If you don't have the SYNC bytes, map it starting at 0:

   ubxMgaGPSephMessageStruct *mgaGPSeph = &buffer[0]; // no SYNC bytes at the beginning
   if (mgaGPSeph->uraIndex == 7) ...

If the message is one of the messages supported by NeoGPS (NAV POSLLH, NAV VELNED, NAV STATUS, NAV TIMEGPS, NAV TIMEUTC or NAV SVINFO), you can use ubxGPS.h to get the message structure definitions:

#include "ubxGPS.h"
    .
    :

    ublox::nav_posllh_t *posllh = &buffer[2]; // map the bytes onto a struct

    // just access the posllh structure members
    display.print( posllh->lat ); // integer latitude * 10000000
    display.print( posllh->lon ); // integer longitude * 10000000

There is no parsing required if you already have all the bytes. Just map it onto C data types in a struct. ubxGPS.h is a C++ way to declare the struct so that it matches the ublox message spec.

Did that help?

Cheers, /dev

Hi /Dev,

Yes that helped a lot. I will give it a try later and let you know.

Sorry I didn't explain my system all that well.

The arduino (atmega1284P) is used for I2c sensor data collection because of it's floating point ability. The 4d screen can't handle that easily.

The 4d screen is an SPI master and will send SPI data and also retreive the sensor data in one function. If I have read GPS via the 4d serial port, it will send that at the same time. This is giving me about 18 frames per second on the screen.

The hardware Serial on the arduino is used for the bluetooth adapter and after receiving a 1 byte request for data, the arduino sends all available data to my phone via bluetooth. All very smoothly.

The second serial port on the 1248P is also int0 and int1 and I have a rotary encoder using int0/int1 so Software serial was the only option to connect the GPS to and that pauses data flow when a message is received. Reading the GPS on the 4d screen had no impact on screen framerate at all.

I am needing location and speed only from the GPS.

Many thanks

Paul

Hi /dev,

Managed to solve it. Using the 4d systems screen to take in data from the GPS was a bad idea, so abandoned that.

I connected the NEO6 to U center and switched off everything apart from speed and heading message and set my baud rate to 115200, at 4hz rate. At the moment I only really want the groundspeed.

I moved 1 encoder pin from int0 to int2 (the 1284p has 3 interrupt pins) and left the other encoder pin on int1 which is Serial1 TX.

I connected the GPS TX to Serial1 RX (int0) and wrote a routine to get speed from Serial1 GPS message.

Works a treat and I have a fast update rate. the converted to mph speed is then passed to 4d screen during it's spi data transfer.

I might do an interpolation to smooth out the 4hz rate so the needle on the screen moves smoothly between speed updates.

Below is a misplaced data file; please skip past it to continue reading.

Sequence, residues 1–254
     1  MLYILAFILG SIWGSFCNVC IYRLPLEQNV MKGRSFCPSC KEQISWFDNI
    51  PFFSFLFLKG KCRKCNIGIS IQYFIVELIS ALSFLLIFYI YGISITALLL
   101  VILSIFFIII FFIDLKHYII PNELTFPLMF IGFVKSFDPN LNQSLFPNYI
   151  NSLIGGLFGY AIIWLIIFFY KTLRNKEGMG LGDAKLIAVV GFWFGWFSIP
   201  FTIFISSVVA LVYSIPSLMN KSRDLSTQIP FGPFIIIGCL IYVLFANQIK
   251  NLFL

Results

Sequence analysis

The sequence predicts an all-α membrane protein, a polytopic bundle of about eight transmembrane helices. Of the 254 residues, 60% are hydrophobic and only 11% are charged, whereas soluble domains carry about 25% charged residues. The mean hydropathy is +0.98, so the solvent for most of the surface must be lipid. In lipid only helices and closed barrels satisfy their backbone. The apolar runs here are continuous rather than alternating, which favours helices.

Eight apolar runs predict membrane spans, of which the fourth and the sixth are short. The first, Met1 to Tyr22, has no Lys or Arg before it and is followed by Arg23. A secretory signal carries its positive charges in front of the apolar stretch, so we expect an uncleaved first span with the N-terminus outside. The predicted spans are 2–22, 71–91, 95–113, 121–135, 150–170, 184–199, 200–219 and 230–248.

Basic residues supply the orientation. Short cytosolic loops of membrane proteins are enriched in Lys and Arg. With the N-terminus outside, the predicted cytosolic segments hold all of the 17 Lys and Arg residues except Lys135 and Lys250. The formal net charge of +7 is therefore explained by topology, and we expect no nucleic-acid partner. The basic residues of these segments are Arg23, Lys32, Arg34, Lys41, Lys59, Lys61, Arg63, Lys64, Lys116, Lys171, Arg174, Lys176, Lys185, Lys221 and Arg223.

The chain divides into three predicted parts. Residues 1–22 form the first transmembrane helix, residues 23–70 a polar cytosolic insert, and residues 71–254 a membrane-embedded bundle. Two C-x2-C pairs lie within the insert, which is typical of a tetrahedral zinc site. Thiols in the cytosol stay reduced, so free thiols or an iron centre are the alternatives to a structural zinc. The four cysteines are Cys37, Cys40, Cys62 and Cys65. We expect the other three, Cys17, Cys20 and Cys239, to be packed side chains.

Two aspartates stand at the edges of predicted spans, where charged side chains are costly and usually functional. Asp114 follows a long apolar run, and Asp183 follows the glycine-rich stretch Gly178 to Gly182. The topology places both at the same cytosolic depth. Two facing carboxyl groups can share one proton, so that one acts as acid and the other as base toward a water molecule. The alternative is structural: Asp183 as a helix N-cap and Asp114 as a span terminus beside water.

Very impressed with the NEO6 being able to get a fix indoors.

Thanks for your help.

Paul

/dev: For anyone else landing here, you could also modify TinyGPS.cpp to accept these messages by changing these lines:

#define _GPRMC_TERM   "GNRMC"
#define _GPGGA_TERM   "GNGGA"

Other libraries have similar literals that could also be modified.

The Bad News: they will then ignore the normal GPRMC and GPGGA sentences. If the receiver is not tracking any GLONASS satellites, it would emit GPRMC instead. Adding a check for "GNRMC" or "GPRMC" is not very difficult.

In order to accept BOTH GPS and GLONASS mesages, I think that the two fixes to TinyGPS.cpp are as follows:

#include "TinyGPS.h"

#define _GPRMC_TERM   "GPRMC"
#define _GPGGA_TERM   "GPGGA"

#define _GNRMC_TERM   "GNRMC" // *** added
#define _GNGGA_TERM   "GNGGA" // *** added

TinyGPS::TinyGPS()

and

  // the first term determines the sentence type
  if (_term_number == 0)
  {
    if (!gpsstrcmp(_term, _GPRMC_TERM) || !gpsstrcmp(_term, _GNRMC_TERM))      //modified
      _sentence_type = _GPS_SENTENCE_GPRMC; // *** modified
    else if (!gpsstrcmp(_term, _GPGGA_TERM) || !gpsstrcmp(_term, _GNGGA_TERM)) //modified
      _sentence_type = _GPS_SENTENCE_GPGGA; // *** modified
    else
      _sentence_type = _GPS_SENTENCE_OTHER;
    return false;
  }

greenonline: In order to accept BOTH GPS and GLONASS mesages, I think that the two fixes to TinyGPS.cpp are as follows:

#include "TinyGPS.h"

define _GPRMC_TERM  "GPRMC"

define _GPGGA_TERM  "GPGGA"

define _GNRMC_TERM  "GNRMC" // *** added

define _GNGGA_TERM  "GNGGA" // *** added

TinyGPS::TinyGPS()




and



  // the first term determines the sentence type   if (_term_number == 0)   {     if (!gpsstrcmp(_term, _GPRMC_TERM) || !gpsstrcmp(_term, _GNRMC_TERM))      //modified       _sentence_type = _GPS_SENTENCE_GPRMC; // *** modified     else if (!gpsstrcmp(_term, _GPGGA_TERM) || !gpsstrcmp(_term, _GNGGA_TERM)) //modified       _sentence_type = _GPS_SENTENCE_GPGGA; // *** modified     else       _sentence_type = _GPS_SENTENCE_OTHER;     return false;   } ```

I try not work bro